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R. H. Brunton and Others

Richard Henry Brunton (December 26, 1841 - April 24, 1901)came to Japan in 1868 as one of the "yatoi" to help designing and building modern lighthouses. He was involved in the construction of twenty-six early lighthouses. Most of them are still active at important locations. He is called the father of Japanese lighthouses.

Ayahiko ISHIBASHI (February 5, 1853 - November 25, 1932)was one of the earliest Japanese lighthouse engineers with formal higher education at "Kobu-daigakko," the College of Engineering. The president of the college was Henry Dyer(August 16, 1848 - September 25, 1918)from Scotland. It is unlikely that ISHIBASHI was trained by Brunton in person, but he was the successor of the legacy of Brunton for sure.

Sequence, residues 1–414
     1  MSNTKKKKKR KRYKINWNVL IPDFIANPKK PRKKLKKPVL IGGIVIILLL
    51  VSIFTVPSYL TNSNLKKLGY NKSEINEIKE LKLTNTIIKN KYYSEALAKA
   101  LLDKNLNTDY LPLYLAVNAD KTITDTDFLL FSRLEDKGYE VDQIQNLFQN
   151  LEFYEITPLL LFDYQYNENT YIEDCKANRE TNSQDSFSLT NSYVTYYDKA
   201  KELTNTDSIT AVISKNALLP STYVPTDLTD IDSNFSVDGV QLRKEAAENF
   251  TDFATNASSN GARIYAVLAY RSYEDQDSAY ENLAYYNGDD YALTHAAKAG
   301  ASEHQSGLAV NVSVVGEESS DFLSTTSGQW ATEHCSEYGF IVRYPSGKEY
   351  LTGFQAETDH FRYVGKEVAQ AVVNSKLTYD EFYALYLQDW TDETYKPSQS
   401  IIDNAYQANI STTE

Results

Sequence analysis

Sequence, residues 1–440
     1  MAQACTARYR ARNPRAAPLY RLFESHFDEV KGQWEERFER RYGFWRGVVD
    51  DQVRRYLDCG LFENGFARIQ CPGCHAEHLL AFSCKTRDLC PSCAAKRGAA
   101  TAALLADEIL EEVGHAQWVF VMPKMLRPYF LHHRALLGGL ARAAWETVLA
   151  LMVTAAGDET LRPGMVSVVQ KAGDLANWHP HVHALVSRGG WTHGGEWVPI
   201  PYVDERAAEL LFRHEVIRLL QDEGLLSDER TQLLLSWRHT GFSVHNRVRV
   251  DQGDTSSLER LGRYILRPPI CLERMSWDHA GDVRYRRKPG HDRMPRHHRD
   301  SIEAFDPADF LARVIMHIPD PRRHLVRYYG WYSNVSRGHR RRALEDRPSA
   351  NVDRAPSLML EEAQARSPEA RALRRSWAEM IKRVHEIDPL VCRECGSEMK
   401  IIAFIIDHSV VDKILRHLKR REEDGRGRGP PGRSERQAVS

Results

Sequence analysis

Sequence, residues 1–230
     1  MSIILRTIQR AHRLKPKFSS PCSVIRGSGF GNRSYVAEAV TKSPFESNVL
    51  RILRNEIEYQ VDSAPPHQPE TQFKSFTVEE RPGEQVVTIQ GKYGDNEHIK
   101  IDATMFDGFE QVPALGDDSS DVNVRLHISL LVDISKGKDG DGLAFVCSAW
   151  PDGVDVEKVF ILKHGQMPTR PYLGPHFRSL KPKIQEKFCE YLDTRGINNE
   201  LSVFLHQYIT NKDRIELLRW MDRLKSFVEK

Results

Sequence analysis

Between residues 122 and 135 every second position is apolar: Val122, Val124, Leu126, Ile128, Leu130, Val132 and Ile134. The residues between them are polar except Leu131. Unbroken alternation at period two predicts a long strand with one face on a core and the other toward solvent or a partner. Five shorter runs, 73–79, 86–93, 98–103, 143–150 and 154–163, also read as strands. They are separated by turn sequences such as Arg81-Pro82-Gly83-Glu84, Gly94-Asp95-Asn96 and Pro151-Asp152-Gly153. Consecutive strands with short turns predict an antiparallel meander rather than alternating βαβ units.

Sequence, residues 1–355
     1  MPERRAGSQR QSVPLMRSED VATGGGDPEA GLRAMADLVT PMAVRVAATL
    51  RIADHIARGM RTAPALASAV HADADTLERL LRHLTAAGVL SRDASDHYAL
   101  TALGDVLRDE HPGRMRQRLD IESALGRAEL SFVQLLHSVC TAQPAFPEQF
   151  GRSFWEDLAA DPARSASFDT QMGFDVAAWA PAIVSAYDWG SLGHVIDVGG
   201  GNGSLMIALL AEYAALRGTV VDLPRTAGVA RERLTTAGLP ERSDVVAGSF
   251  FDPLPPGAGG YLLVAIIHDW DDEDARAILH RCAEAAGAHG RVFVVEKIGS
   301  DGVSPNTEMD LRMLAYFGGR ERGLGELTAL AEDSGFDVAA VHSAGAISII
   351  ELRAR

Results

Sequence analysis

William Edward Ayrton (1847 - 1908) was another "yatoi," who taught phisics and electrical engineering in Kobu-daigakko. He is called the father of Japanese electrical engineering.

Osuke ASANO (March 8, 1859 - September 23, 1940) was one of the students of Ayerton at Kobu-daigakko and graduated from the college two years after Ishibashi graduated. He became the president of "Denki-shikenjo," the Insitute of Electric Experiments of the Ministry of Communication and Navigation.

His institute succeeded in developing radio equipment in Japan.
Ayahiko ISHIBASHI read papers on radio experiments written by Guglielmo Marconi, and asked ASANO to conduct research, because he thought radio was useful to relay messages between lighthouses.

ASANO later became the chief delagete of Japan in the the first International Wireless Telegraph Convention, held in Berlin in 1906.